Cool Chef Tricks: Install and Use RubyGems in a Chef Run

One of the 9 Things to Like About Chef is that "it uses Ruby as the configuration language." We talk about that in that blog post, and we mention it on the wiki, but at the time we didn't have many examples. This post is the first in a series about cool things that Chef can do with its Ruby DSL.

To start the series off, let's look at installing a RubyGem package with Chef, and then using that Gem later on in the Chef run.

Ruby Red photo by Orbital Joe
Our Rails Infrastructure example sets up RadiantCMS from the GitHub repository with a MySQL backend. We need to make sure the database is created properly, but only if it doesn't exist. Using the mysql RubyGem, we can do this elegantly in Ruby, and show off a cool feature of Chef's. First of all, in the client recipe from the Opscode MySQL cookbook, we install the RubyGem, mysql.

r = gem_package "mysql" do
  version "2.7"
  action :nothing


This looks suspiciously like any other resource in Chef, but notice that we assign the resource to a variable, 'r', and the action is :nothing. This allows us to use the Chef::Resource#run_action method to trigger the installation. This will actually happen before the node's configuration is converged, that is, the installation occurs first. The experienced Rails developer will know that the mysql Gem requires compilation, so a C compiler and libraries are required, but if the Chef Installation instructions are followed, we already have that.

Once the RubyGem is installed this way, we need to tell Chef to reload the cache of available gems, and then we can require the mysql gem. This goes straight in the recipe too.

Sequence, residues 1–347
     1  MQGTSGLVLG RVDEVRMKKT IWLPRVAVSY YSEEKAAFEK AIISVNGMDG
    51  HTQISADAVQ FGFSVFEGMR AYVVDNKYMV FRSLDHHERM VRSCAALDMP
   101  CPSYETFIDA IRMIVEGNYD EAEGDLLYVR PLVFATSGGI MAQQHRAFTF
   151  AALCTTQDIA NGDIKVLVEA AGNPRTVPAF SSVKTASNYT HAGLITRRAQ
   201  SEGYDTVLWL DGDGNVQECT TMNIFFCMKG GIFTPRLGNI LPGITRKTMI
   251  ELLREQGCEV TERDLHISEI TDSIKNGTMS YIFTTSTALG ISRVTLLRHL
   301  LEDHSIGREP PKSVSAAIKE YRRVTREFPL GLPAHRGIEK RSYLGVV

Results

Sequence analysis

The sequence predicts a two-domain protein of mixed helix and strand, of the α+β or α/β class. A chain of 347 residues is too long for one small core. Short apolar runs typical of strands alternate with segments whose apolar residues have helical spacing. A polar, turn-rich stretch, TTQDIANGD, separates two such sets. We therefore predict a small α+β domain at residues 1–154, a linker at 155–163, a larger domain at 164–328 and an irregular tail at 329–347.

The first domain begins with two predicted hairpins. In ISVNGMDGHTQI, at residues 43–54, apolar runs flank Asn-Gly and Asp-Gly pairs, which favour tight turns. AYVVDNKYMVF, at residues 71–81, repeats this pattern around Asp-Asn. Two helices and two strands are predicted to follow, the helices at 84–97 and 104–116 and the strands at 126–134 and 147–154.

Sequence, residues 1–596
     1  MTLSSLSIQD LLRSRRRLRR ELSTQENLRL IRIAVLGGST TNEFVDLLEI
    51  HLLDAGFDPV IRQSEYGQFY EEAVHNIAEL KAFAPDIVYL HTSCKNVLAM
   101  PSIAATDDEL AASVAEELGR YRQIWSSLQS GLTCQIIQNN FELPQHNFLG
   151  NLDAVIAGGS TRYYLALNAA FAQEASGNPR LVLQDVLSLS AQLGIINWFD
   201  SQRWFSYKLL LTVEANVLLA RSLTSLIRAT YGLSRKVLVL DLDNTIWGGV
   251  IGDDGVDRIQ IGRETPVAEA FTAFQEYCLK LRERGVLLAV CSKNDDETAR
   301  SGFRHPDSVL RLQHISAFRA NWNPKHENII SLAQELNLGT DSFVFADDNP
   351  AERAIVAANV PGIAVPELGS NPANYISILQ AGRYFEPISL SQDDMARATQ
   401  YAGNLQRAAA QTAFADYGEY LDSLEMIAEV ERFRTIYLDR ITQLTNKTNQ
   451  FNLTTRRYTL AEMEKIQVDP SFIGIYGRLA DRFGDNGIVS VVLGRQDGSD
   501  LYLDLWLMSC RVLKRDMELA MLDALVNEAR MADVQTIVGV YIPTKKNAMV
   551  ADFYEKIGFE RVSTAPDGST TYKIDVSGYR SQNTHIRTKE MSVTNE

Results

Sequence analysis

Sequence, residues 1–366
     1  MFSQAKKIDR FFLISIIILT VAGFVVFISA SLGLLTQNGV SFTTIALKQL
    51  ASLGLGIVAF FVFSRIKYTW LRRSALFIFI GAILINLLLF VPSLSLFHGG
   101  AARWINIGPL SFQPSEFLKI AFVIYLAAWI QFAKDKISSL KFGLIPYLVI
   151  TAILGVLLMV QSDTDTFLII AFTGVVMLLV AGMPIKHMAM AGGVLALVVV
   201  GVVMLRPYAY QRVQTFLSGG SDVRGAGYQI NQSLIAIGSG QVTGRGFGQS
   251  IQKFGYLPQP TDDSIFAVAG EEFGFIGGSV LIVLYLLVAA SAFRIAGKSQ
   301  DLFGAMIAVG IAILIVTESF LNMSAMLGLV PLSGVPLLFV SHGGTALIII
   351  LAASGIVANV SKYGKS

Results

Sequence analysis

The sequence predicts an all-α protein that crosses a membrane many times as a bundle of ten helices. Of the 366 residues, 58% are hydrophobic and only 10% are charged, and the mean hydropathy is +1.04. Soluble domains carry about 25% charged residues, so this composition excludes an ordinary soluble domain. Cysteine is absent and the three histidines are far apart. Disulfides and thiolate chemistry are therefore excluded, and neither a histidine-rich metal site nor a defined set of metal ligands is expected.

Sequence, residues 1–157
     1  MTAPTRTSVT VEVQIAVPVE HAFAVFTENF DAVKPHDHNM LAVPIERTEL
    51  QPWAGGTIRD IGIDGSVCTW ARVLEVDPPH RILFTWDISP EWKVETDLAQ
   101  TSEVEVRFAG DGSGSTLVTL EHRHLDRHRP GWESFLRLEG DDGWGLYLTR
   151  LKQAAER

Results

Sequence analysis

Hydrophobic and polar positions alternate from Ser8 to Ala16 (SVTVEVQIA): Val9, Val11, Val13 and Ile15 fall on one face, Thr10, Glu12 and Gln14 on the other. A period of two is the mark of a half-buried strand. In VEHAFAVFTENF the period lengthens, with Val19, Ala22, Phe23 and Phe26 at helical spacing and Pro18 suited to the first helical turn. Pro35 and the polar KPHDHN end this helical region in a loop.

require 'mysql'

Now with that out of the way, we can use the actual gem within a resource. The following is from the Rails stack, database site-cookbook, where we create the actual database for the railsapp – radiant in this case.

execute "create #{node[:railsapp][:db][:database]} database" do
  command "/usr/bin/mysqladmin -u root -p#{node[:mysql][:server_root_password]} create #{node[:railsapp][:db][:database]}"
  not_if do
    m ="localhost", "root", @node[:mysql][:server_root_password])

Here we create the 'm' Mysql object, and then list the databases on the server, checking whether the one we want is there. We could even use the Mysql gem to handle creating the database, but for our purposes here, the mysqladmin command is sufficient. Here's log output showing this in action:

[Fri, 22 May 2009 14:10:31 -0600] INFO: Starting Chef Run
[Fri, 22 May 2009 14:10:32 -0600] INFO: Storing updated cookbooks/database/recipes/default.rb in the cache.
[Fri, 22 May 2009 14:10:34 -0600] INFO: Installing gem_package[mysql] version 2.7
[Fri, 22 May 2009 14:10:39 -0600] INFO: Ran execute[apt-get-update] successfully
[Fri, 22 May 2009 14:10:44 -0600] INFO: Ran execute[create radiant_live database] successfully
[Fri, 22 May 2009 14:10:44 -0600] INFO: Chef Run complete in 7.237168 seconds

In the recipes, the execute[apt-get-update] resource comes before the gem_package[mysql], yet the gem is installed first. Cool!

Another example can be seen in full, in the Rails stack 'application' site-cookbook. We do the same thing with the excellent chef-deploy gem by Ezra Zygmuntowicz of Engine Yard, which provides a 'deploy' resource.

r = gem_package "chef-deploy" do
  source ""
  action :nothing


require "chef-deploy"
# [ .. snip .. ]
deploy "/srv/#{node[:railsapp][:app_name]}" do
# [ .. snip .. ]

This is just one of the cool things that you can do with Chef to make programming your infrastructure better. We will post more tips and tricks like this in the future.

Joshua Timberman

Joshua Timberman is a Code Cleric at CHEF, where he Cures Technical Debt Wounds for 1d8+5 lines of code, casts Protection from Yaks, and otherwise helps continuously improve internal technical process.